CO2 emissions from fossil-fuel combustion increased again in 2012, reaching a record high of 31.6 Gt. This represents an increase of 0.4 Gt on 2011, or 1.4%, a level that, if continued, would suggest a long-term temperature increase of 3.6 °C or more. The growth in emissions results from an increase in global fossil- fuel consumption: 2.7% for natural gas, 1.1% for oil and 0.6% for coal. Taking into account emissions factors that are specific to fuel, sector and region, natural gas and coal each accounted for 44% of the total energy-related CO2 emissions increase in 2012, followed by oil (12%)1. Click to see the chronology of global temperature animation.
The waste heat given off in industrial processes in the low-temperature range up to 100°C constitutes an energy potential in all industrialized countries that is left largely unused. EAWC Technologies offers a new process for generating electric current from low-temperature heat, thus enabling the potential from this lost heat produced in many industrial processes to be made use of. In addition to its potential using waste heat sources, the process can also utilize heat from other sources for the generation of electricity, for instance from solar energy, geothermal heat, or technically conditioned waste heat flows from power stations and combined heat and power (CHP) plants. Through the specific utilization of low-temperature heat for the generation of electricity, a major worldwide contribution could be made to reducing the consumption of fossil energy resources and cutting CO2 emissions.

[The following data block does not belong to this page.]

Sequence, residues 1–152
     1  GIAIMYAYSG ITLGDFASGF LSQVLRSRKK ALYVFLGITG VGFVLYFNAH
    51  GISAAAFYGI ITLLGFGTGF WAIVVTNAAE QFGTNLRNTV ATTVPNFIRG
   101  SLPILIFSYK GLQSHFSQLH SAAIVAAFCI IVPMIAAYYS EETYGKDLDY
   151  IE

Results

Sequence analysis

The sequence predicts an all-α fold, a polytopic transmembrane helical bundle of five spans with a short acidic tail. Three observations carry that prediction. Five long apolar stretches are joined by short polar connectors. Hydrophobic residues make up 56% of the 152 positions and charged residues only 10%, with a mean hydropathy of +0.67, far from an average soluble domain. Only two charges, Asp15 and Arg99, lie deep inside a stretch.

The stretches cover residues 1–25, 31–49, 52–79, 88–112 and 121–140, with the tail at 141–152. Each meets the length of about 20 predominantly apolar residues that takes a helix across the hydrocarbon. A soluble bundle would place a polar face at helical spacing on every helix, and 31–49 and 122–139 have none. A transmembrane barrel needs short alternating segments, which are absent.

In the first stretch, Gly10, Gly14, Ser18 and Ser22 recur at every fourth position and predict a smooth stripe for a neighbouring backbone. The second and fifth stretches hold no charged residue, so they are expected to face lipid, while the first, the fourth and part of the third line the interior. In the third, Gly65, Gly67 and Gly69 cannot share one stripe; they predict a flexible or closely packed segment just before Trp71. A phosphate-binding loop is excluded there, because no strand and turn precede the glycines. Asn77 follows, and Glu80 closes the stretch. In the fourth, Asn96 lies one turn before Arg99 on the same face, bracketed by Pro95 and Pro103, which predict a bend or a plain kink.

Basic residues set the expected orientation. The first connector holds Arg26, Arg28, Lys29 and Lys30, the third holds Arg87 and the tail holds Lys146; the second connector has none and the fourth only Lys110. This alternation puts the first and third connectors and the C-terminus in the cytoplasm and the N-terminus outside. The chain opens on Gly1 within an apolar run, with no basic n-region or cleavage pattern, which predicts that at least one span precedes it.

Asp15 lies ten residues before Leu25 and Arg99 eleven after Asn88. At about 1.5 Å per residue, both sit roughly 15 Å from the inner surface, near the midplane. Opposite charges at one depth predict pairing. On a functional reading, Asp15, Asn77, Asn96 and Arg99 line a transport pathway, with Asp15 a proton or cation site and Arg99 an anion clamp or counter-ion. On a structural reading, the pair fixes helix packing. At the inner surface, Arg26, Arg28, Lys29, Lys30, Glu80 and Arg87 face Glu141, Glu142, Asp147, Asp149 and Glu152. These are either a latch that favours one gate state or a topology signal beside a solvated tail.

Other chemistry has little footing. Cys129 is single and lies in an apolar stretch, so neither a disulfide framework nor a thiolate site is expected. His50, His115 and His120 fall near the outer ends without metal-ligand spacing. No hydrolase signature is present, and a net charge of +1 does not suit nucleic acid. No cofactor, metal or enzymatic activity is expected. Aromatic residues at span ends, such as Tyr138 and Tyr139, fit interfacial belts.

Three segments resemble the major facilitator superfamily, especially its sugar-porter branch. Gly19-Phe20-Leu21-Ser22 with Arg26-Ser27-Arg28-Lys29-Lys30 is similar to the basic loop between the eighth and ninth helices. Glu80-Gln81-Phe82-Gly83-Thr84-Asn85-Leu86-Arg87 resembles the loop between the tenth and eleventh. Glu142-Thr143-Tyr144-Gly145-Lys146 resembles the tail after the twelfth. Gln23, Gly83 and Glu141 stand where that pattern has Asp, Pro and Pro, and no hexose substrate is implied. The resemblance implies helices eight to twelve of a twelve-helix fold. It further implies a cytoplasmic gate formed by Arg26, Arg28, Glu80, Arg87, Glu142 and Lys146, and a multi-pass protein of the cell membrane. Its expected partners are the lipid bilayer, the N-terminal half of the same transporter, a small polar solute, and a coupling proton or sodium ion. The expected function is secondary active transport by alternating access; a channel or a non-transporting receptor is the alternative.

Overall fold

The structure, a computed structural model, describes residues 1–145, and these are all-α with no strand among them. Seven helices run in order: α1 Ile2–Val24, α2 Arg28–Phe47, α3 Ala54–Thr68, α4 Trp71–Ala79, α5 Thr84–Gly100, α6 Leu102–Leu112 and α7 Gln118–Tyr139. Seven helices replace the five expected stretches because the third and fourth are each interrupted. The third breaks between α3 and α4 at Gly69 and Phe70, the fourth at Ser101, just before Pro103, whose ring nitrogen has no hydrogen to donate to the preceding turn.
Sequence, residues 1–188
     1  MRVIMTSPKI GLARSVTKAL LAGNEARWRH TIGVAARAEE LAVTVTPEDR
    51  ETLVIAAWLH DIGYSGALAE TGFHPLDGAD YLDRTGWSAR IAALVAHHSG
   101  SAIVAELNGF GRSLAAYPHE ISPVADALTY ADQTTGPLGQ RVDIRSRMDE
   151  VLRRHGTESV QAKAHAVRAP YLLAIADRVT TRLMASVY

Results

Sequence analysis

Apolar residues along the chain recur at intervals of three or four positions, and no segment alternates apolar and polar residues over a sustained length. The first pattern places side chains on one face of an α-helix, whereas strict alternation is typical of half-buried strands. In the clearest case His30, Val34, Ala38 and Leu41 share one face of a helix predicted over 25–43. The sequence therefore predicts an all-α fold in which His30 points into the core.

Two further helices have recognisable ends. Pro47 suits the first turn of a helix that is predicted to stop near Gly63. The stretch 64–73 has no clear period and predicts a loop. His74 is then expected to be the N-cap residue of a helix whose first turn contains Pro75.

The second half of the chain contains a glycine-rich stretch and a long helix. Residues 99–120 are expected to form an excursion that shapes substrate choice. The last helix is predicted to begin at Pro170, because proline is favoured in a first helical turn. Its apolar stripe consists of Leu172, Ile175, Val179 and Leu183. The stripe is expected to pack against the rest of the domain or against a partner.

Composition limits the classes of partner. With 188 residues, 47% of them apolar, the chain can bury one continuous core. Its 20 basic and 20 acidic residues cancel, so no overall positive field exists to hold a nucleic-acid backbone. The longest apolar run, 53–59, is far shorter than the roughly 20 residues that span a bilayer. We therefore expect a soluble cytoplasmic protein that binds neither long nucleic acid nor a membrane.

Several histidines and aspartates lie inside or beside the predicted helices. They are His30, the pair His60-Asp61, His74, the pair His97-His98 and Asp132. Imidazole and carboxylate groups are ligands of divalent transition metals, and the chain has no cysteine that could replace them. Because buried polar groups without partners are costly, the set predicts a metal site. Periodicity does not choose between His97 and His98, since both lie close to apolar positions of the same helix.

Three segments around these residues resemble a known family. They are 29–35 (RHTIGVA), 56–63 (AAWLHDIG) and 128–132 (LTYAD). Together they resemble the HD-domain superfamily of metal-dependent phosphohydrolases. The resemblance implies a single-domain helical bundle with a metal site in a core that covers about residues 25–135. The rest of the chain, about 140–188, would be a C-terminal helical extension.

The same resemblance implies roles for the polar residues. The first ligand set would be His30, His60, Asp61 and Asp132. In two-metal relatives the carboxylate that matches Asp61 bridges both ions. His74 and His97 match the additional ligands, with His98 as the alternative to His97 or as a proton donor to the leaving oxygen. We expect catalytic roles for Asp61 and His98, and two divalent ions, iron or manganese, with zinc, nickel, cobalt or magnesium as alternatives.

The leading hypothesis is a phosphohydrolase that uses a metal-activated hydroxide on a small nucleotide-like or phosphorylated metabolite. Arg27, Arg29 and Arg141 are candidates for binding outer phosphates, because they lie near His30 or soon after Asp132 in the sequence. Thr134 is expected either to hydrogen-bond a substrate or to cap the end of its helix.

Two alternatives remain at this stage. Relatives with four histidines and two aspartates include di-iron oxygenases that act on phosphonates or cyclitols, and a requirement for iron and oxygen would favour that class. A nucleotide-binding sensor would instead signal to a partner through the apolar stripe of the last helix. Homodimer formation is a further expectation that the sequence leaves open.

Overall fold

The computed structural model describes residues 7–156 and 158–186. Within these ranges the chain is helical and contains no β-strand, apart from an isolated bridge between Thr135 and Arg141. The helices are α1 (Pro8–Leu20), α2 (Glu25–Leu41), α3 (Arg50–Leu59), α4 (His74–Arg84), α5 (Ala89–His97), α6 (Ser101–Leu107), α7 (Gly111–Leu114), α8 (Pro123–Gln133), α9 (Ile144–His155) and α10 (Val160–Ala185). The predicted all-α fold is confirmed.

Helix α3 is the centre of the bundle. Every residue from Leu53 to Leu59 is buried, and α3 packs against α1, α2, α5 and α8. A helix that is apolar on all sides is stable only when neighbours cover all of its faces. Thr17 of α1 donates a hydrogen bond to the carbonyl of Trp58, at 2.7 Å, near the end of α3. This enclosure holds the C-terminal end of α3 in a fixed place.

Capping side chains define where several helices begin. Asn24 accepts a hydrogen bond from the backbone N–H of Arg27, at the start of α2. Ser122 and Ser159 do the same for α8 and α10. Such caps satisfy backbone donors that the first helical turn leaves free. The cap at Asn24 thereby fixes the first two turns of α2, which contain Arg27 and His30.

1Source: Redrawing the Energy-Climate Map. World Energy Outlook Special Report. IEA International Energy Agency